The rise of the capital-state and neo-nationalism. Lessons from the Asia-Pacific
We are witnessing the rise of neo-nationalism – a surge of populist nationalism in the contemporary phase of globalized development – embodied in the support for populist nationalist leaders, movements, and parties across Europe, the Americas, and Asia. The years 2015-2016 alone saw Donald Trump’s ascendancy to presidency in the US, the triumph of Brexit in the UK, and Rodrigo Duterte’s uncompromising drug war in the Philippines. On the Right, populist forces tap into ethnic nationalism by opposing immigration and multiculturalism; on the Left, they invoke civic nationalism and juxtapose the ‘pure people’ against the ‘corrupt elites’.
Neo-nationalism as a counter-movement against marketization
A critical political economic perspective can be particularly useful to understand the neo-nationalist phenomenon. More specifically, the rise of neo-nationalism points to the contemporary relevance of Karl Polanyi’s intellectual arsenal, crystalized in his magnum opus The Great Transformation.1 Polanyi, K. 2001 (1944). The Great Transformation: The Political and Economic Origins of Our Time. Boston: Beacon Press. One of the significant ideas in this classic work is that of the ‘double movement’ demonstrating the antagonistic relationship between the drive towards the ‘utopian’ free market and the inevitable societal ‘counter-movement’. Polanyi famously argued that societies would demand social protection against the process of marketization. Neo-nationalism can thus be interpreted as a renewed Polanyian moment whereby pro-market restructuring of the state under the auspices of neoliberal globalization generates genuine grievances exploited by populist nationalists.2 Holmes, C. 2018. Polanyi in Times of Populism: Vision and Contradiction in the History of Economic Ideas. Routledge. And although Polanyi focused on the industrial Global North only, his insights are well applicable in the Asian context.
Arguably, three sets of inter-connected factors must be considered to appreciate this ‘transformation-protection’ dynamic in full: institutional change, social demand, and political supply. At the structural level, nation-states have undergone pro-market re-configuration to facilitate expanded commodification, manifested in such broad processes as the rollback and privatization of public services; an increase in corporate power at the expense of labour; and financialization and transnationalization of economies. At the level of subjective legitimacy, sections of the working and middle classes perceive these changes as a threat to their socio-economic standing, generating resentment at the political establishment for ‘leaving them behind’. In turn, at the political entrepreneurship level, populist leaders and parties ‘plug into nationalism’ through a set of rhetorical and discursive strategies to provide an organizational outlet for channelling these insecurities and anxieties.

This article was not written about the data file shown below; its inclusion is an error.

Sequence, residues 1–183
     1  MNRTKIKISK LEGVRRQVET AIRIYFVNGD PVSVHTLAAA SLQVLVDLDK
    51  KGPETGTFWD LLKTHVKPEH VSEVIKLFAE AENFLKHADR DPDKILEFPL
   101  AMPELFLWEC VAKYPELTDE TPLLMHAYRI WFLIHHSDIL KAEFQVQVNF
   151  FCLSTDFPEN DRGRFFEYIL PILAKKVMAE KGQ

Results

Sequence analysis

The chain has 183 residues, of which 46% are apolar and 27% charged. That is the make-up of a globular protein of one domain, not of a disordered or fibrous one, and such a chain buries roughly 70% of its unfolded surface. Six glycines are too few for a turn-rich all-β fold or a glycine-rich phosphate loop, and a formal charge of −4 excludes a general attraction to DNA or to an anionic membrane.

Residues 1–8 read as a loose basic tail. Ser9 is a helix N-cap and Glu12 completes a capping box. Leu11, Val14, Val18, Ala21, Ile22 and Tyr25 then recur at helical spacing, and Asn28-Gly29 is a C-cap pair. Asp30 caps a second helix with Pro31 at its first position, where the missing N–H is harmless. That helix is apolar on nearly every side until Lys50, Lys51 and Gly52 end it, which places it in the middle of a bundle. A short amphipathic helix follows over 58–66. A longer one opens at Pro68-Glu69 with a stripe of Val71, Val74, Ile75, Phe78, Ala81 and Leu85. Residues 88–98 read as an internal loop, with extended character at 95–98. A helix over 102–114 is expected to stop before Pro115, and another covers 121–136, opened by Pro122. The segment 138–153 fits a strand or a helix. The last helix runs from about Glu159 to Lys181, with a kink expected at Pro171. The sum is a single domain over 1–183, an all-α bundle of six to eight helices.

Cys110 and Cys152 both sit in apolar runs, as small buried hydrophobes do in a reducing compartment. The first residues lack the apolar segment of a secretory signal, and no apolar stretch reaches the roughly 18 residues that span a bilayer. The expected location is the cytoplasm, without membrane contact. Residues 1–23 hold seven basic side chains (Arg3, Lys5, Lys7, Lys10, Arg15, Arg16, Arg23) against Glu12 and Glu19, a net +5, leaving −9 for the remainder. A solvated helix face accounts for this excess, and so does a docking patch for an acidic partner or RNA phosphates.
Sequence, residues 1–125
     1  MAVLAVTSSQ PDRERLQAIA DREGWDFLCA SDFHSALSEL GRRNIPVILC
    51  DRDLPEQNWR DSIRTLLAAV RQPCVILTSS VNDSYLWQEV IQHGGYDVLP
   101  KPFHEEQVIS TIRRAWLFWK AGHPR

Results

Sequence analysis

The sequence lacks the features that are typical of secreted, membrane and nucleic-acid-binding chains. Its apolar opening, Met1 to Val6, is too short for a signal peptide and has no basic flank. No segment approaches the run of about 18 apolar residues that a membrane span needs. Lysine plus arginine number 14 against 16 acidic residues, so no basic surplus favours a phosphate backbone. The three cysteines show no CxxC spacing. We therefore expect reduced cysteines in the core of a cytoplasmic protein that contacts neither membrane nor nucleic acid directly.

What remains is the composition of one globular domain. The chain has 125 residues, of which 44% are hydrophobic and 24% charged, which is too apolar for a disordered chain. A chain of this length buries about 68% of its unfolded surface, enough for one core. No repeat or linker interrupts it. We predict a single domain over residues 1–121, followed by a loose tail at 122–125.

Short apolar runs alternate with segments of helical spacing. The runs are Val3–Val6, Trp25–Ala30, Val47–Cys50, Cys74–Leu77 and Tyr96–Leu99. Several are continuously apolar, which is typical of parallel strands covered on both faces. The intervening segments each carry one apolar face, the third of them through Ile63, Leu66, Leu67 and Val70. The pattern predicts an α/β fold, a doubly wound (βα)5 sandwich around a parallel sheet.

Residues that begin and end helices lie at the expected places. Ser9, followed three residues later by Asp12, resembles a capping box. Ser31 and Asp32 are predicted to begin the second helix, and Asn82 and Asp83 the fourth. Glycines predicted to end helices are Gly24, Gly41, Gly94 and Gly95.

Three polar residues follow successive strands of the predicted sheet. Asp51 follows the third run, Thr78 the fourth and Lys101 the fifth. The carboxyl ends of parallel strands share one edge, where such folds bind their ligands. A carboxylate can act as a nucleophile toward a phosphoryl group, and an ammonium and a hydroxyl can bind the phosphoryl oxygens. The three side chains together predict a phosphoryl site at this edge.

In sum, from a Polanyi-inspired perspective, the appeal of populist nationalism reflects fundamental problems of state transformation and the ensuing erosion of old economic and social structures. Neo-nationalism, then, has emerged to compensate for the real and perceived inability of the state to shield citizens from the corrosive effects of market fundamentalism. As sovereignty of the state has yielded to ‘sovereignty of the market’, nations have expressed their discontent through voting for neo-nationalist parties, among others means of venting off frustration. Disenfranchised voters gravitate toward these forces and embrace identity-based solutions – often in exclusivist and scapegoating forms – to channel away their insecurities and anxieties triggered by the pro-market restructuring.
To give the first illustration from the Asia-Pacific region, the structural changes in the national economy and state formed a fertile breeding ground for Pauline Hanson’s One Nation Party’s (ONP) vision of a homogeneous Australia. As in other advanced industrial nations, Australia had undergone a radical restructuring of the economy and state, the process underpinned by the ideology of ‘economic rationalism’ (Australia’s term for neoliberalism).3 Economic rationalism presumes that “economies, markets and money offer the only reliable means of setting values on anything” and “always deliver better outcomes than states and bureaucracies.” Pusey, M. 1996. ‘Economic Rationalism and the Contest for Civil Society’, Thesis Eleven 44:69. The transformation began back in the 1970s under Gough Whitlam’s Labor government and gained momentum in the 1980s. The subsequent advancement of policies and practices to deregulate welfare, labour, and finance under the Hawke-Keating (1983-1996) neoliberal governments signified a break with the tradition of the ‘Australian Settlement’.